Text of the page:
February 1, 2011

Scientist Describes Conspiracies Of Small Fellow Travelers

Those who believe in UFOs (unidentified flying objects) and extraterrestrial life frequently tell us, "We are not alone." We are not, but we do not have to look into space to find company. Our most frequent companions are the billions of bacteria that inhabit us "“ in our gut and genital tract, on our skins, our mucous membranes and elsewhere.

Just as we are social creatures, bacteria needs that sense of community to take action. Scientists call this "quorum sensing." Dr. Bonnie Bassler, professor of molecular biology at Princeton University and a Howard Hughes Medical Institute investigator, said in the 2011 Jeanette Oshman Efron Lecture in Molecular and Human Genetics at Baylor College of Medicine that the data not only show that bacteria of the same species communicate, but that they also have a more universal language through which they communicate with other bacterial species.

Interrupt the conversation

"If we could interrupt that conversation, we might be able to do therapeutics," she said.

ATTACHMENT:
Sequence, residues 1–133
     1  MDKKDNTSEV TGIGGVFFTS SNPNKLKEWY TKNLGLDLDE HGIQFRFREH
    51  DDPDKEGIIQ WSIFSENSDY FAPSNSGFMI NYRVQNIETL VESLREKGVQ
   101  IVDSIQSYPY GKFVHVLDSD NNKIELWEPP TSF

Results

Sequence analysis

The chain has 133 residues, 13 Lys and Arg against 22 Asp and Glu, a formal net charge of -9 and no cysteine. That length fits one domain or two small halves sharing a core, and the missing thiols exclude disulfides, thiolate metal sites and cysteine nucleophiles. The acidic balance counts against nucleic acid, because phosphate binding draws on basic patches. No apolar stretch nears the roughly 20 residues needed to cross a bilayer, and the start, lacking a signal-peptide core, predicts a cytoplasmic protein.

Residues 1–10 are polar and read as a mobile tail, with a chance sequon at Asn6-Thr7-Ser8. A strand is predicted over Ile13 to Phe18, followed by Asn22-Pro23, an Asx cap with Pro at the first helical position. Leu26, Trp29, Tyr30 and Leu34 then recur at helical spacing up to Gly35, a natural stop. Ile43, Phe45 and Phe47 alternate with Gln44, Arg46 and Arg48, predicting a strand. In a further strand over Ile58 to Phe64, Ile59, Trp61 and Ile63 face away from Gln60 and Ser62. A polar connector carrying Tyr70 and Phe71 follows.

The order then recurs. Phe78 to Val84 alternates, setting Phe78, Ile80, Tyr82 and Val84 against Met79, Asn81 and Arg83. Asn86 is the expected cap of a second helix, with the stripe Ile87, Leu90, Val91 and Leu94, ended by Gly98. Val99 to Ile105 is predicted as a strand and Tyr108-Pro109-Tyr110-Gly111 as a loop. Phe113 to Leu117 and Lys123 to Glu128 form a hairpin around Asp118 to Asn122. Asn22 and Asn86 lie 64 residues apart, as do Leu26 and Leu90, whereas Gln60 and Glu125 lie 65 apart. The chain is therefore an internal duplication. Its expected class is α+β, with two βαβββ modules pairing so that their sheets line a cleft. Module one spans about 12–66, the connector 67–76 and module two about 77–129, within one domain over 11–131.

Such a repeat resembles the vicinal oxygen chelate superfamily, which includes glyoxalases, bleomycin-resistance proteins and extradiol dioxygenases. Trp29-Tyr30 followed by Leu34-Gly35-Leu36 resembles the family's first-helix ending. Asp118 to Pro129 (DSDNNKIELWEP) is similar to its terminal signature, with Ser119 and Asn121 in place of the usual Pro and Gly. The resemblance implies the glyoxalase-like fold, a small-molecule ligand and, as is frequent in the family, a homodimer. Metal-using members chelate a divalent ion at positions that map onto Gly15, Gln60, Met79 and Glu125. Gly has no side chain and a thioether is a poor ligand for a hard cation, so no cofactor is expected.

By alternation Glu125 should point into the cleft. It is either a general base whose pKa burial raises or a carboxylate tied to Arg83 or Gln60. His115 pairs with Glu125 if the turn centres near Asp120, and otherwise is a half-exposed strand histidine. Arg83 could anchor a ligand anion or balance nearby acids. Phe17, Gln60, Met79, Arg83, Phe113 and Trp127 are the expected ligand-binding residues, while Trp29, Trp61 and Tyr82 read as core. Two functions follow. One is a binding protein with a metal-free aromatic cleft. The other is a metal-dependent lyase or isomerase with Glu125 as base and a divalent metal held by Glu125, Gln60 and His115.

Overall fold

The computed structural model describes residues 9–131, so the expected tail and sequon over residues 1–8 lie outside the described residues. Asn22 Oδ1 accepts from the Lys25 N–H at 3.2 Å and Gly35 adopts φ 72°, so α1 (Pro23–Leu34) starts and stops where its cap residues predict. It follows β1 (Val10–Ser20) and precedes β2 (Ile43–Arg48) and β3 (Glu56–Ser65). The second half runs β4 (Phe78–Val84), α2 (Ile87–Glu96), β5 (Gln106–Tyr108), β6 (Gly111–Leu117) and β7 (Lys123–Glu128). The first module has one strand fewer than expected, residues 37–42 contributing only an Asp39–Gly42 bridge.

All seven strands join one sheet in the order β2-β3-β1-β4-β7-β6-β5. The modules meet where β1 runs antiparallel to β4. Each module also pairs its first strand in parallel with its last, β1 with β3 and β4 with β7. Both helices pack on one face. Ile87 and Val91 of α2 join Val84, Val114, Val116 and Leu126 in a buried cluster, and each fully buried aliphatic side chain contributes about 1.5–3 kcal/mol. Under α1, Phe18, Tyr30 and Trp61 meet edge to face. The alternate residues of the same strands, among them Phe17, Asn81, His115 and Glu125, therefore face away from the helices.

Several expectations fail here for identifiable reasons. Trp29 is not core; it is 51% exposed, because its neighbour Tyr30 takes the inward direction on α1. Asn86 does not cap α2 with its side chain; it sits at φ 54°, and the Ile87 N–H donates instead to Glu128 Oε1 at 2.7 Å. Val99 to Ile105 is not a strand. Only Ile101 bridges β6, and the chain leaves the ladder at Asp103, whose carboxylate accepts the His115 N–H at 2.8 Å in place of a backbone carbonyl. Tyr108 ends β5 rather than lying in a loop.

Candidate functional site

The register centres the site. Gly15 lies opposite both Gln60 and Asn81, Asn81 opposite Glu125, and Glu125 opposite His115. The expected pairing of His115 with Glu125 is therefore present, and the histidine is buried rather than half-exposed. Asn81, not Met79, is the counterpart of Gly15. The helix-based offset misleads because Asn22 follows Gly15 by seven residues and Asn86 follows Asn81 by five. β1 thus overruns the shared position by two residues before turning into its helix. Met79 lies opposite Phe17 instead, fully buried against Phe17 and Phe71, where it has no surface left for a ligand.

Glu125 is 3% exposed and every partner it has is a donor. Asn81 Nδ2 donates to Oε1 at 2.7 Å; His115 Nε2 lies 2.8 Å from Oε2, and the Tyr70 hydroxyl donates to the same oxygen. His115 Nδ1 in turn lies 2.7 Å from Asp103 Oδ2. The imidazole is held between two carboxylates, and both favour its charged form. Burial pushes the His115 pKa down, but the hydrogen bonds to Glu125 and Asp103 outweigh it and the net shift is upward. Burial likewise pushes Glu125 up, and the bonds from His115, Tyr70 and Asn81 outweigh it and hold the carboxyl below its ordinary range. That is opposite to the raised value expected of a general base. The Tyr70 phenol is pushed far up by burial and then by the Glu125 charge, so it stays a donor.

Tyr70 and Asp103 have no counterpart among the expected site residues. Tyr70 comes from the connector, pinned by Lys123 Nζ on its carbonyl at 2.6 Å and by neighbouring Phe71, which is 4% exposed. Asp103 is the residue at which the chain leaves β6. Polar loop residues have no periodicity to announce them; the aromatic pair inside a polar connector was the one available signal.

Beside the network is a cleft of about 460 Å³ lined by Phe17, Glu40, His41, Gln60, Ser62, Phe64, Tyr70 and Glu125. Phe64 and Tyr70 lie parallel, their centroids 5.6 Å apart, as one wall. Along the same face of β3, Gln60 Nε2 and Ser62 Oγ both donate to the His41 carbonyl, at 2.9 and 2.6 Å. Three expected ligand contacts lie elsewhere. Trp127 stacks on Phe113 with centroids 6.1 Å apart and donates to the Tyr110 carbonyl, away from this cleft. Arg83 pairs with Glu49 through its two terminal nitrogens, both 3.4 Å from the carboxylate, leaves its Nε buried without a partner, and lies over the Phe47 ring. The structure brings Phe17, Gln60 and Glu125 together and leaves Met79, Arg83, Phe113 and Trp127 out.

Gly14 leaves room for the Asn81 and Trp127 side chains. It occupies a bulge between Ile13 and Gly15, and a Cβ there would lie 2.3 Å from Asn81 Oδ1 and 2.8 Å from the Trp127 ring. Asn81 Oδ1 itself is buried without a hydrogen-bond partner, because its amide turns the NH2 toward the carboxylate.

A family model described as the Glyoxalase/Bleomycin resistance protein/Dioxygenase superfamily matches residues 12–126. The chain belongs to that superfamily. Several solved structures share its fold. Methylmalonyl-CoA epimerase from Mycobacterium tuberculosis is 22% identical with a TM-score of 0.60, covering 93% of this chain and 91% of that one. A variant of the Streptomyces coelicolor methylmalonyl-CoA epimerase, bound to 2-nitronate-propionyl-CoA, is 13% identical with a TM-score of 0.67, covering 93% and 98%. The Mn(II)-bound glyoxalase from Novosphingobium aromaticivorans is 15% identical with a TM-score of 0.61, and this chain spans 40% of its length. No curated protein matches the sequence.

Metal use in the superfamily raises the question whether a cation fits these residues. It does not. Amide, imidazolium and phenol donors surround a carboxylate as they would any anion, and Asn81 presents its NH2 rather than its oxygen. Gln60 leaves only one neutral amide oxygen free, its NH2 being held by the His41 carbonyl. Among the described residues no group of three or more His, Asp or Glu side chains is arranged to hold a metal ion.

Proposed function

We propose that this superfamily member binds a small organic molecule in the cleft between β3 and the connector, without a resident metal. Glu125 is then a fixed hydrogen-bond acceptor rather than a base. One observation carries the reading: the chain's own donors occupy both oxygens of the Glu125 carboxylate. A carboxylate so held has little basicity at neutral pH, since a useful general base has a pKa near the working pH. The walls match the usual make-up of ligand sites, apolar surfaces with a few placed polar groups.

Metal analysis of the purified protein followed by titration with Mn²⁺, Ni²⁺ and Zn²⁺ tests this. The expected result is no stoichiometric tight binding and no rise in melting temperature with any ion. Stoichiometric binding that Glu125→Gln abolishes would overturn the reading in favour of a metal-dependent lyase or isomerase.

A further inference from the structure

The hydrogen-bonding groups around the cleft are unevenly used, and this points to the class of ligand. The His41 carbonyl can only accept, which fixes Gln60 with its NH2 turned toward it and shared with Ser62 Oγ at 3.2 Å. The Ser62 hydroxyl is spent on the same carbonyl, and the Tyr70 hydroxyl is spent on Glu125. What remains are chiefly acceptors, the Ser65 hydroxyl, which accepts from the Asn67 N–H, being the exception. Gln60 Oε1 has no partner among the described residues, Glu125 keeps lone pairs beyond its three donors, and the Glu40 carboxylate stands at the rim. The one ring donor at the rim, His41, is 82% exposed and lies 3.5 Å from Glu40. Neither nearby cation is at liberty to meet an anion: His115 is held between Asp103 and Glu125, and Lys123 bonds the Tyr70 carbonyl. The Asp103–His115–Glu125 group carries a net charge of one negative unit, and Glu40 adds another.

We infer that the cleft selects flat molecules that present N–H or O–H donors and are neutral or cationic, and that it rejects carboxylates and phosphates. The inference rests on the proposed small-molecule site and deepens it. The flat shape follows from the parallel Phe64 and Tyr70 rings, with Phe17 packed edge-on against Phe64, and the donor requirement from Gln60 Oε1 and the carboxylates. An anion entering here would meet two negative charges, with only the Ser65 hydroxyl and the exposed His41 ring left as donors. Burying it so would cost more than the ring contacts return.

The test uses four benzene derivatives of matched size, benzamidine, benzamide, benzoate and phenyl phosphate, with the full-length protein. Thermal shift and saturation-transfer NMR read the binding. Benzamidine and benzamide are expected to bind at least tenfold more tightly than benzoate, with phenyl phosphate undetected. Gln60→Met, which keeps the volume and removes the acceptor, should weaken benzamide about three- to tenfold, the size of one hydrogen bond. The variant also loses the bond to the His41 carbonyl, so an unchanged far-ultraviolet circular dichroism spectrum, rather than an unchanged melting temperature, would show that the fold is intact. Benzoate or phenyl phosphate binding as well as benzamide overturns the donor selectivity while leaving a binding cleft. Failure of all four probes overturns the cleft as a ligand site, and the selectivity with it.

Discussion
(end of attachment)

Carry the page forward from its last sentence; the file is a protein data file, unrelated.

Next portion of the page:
In order to accomplish any task, "bacteria vote chemically, and those votes get counted," she said. Only when the bacteria have a "quorum" and the votes can they take action.

Bacteria can also talk across species using a special molecule Bassler calls an autoinducer. "We think bacteria scan the environment, asking the question, 'Am I alone or am I in a group?'"

Behavior modification

Perhaps a new kind of therapeutic could result from this communication. Instead of an antibiotic that kills the bacteria, "can we do behavior modification? Can we make the bacteria unable to talk or hear?" Bassler asked. While the bacteria are unable to communicate, the body's immune system might be able to find and get rid of them.

One method would be to devise a new molecule of a shape that could jam the signaling area of the bacteria "“ the receptor. A screen of a special library of small molecules controlled by the National Institutes of Health gave Bassler and her colleagues a list of some that met the requirements and seemed to be of a shape to prevent the autoinducer from communicating. Her work continues along those lines.

New techniques for seeing the "shape" of molecules and new understanding of the communications among organisms all work together to push this kind of research, which becomes more critical as the issue of antibiotic-resistant bacteria comes to the fore.

Looking inside, we find our most constant companions "“ some helpful, others detrimental. Bassler's work seeks to translate a new understanding of what they mean.


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